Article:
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10 (Atheist) Questions about God – Part 15 min read

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One of my favorite atheist podcasts is from The Thinking Atheist. Seth, the proprietor of TA, is a former Christian who is now an outspoken atheist apologist. He is both thoughtful as well as, at times, maddeningly blind to his lapses into some of the typical straw men and caricatures of Christianity used by anti-theists. I guess we all do that to our ideological opponents.

In one of Seth’s recent posts entitled Ten Questions About God, he provides an incisive list of questions that he feels he SHOULD have asked himself as a believer, and he asks us to do the same.

I have given each set of questions a Difficulty Rating, from 1-10, where 1 is an easy no-brainer, and 10 is a question which I find very challenging to my faith, and have no good answer for.  Ready?

1. Is God really all-powerful?  Omnipotent?  Is it true that He can do anything?  If this is the case, why has God not already defeated and destroyed Satan?  Wouldn’t it have made more sense to conquer Satan before Adam and Eve could be tempted in the garden?  Why do you think God is waiting?

Difficulty Rating: 7

Although he is making overtures to the classic argument from evil (if God is omnipotent and omnibenevolent, why doesn’t he stop evil?), it seems that his real question here is ‘Why is God waiting to finish bringing an end to evil?’

We could insert the many theodicies crafted to answer this question, such as soul-making (Irenaean theodicy) or maximizing good (or the number of souls in heaven). But I suspect that Seth, who probably knows that the logical problem of evil is largely sufficiently answered, is really re-asking the evidential problem of evil – that is, the reality of evil in the world makes God less likely, especially natural evil (suffering caused by nature).

From where I sit, the question of ‘why does God wait?’ has the possible answers above, but to some extent, it’s irrelevant if God is waiting for His own, unfathomable mysterious purposes. And I think that, in addition to the theodicies, this is the final answer.

Look, I hate the appeal to mystery as much as any, but I find that in the scriptures, there are only two subjects to which this is presented as a final answer (after first proposing some questions to us on our perspective and ability, as well as proposing some answers). These two subjects are the problem of evil, and predestination. And I think that it is eminently reasonable that, due to our human limitations, there are at least a FEW things that might be beyond our grasp. A list of two is not a copout, but very generous, if not realistic.

To the problem of evil, the book of Job reaches a conclusion – you and I have insufficient perspective and knowledge to figure this out or even understand the answer when presented. Check out Job’s dialogue with God:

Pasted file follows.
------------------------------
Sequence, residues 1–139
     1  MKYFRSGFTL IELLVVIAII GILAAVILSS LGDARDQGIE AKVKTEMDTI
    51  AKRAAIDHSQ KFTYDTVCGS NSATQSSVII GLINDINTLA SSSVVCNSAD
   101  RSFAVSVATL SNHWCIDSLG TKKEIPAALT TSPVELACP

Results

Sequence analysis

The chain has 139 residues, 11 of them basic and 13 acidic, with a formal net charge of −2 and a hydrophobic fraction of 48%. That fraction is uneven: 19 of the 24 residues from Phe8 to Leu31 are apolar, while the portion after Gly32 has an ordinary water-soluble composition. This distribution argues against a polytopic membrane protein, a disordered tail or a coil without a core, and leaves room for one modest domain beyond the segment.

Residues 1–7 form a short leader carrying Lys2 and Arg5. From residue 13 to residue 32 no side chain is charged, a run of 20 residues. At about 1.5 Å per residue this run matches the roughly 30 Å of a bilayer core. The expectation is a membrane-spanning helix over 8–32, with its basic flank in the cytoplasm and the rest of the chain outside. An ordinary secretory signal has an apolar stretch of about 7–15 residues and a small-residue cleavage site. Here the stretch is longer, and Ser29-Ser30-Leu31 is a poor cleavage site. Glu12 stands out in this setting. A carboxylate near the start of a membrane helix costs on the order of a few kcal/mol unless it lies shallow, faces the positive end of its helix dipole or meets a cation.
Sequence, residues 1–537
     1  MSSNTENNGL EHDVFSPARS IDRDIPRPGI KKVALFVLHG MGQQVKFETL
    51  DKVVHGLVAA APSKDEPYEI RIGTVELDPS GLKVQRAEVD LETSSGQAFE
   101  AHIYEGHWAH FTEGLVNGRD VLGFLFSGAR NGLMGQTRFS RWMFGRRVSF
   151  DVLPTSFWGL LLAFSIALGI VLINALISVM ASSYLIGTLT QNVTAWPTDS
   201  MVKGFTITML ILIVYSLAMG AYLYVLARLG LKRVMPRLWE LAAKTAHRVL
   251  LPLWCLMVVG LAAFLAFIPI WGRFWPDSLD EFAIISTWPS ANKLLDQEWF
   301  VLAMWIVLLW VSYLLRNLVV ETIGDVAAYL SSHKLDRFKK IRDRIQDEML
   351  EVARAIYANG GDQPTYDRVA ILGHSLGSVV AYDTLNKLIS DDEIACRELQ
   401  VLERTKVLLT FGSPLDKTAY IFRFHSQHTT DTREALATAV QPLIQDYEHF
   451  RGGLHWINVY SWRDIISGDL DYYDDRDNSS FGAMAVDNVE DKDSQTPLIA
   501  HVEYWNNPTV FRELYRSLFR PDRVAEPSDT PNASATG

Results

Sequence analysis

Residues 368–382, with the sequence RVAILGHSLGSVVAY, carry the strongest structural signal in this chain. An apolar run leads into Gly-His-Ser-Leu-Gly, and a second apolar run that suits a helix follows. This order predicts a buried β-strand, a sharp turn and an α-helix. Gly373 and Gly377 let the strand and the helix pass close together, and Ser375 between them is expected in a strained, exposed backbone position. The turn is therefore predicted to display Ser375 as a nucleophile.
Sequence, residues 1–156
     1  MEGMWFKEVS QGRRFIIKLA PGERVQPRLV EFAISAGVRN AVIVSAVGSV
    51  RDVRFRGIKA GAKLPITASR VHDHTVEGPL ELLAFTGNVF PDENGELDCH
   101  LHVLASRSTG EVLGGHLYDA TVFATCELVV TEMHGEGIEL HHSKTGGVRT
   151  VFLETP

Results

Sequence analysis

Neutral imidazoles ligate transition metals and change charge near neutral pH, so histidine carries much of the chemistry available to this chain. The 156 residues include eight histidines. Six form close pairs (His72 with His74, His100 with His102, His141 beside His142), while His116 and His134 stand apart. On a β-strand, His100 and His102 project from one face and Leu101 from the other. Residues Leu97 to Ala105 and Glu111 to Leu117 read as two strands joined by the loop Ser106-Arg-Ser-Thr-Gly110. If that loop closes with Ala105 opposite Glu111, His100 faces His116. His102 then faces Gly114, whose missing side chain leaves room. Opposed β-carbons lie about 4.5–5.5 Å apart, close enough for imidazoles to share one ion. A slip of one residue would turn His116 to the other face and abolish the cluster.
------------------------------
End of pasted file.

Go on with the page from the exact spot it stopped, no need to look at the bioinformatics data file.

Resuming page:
Then the Lord answered Job from the whirlwind:

“Who is this that questions my wisdom with such ignorant words? Brace yourself like a man, because I have some questions for you, and you must answer them. Where were you when I laid the foundations of the earth? Tell me, if you know so much.” ~ Job 38:1-4

“Do you still want to argue with the Almighty? You are God’s critic, but do you have the answers?” ~ Job 40:2

Then Job replied to the Lord:

“I know that you can do anything, and no one can stop you. You asked, ‘Who is this that questions my wisdom with such ignorance?’ It is I—and I was talking about things I knew nothing about, things far too wonderful for me. You said, ‘Listen and I will speak! I have some questions for you, and you must answer them.’  I had only heard about you before, but now I have seen you with my own eyes. I take back everything I said, and I sit in dust and ashes to show my repentance.” ~ Job 42:106

So that’s my answer. I’m not sure, but this is not a reason to abandon faith because it lies in the realm of the two items to which the Bible says “trust me.”

I think that Seth has missed the more difficult question here, which is ”Why didn’t God, being omniscient, stop this mess before it all got started?’

My reply to that would be, in addition to what I have said above, is that we ought to be more concerned about what is true, not why it played out the way it has. That is, is there evil in the world? Yes. Does Christianity provide a working, logical world view to address it? Yes. Is it superior to the answers provided by other world views? Yes, including atheism.

I realize that the question ‘does it make sense logically’ is part of how you answer ‘is it true,’ but in light of the inscrutability of the problem of evil (it’s also quite a problem for the atheist view), we ought to shift to the question ‘if logical fails me in answering this, how else can I determine what is true?’ That’s how I address this.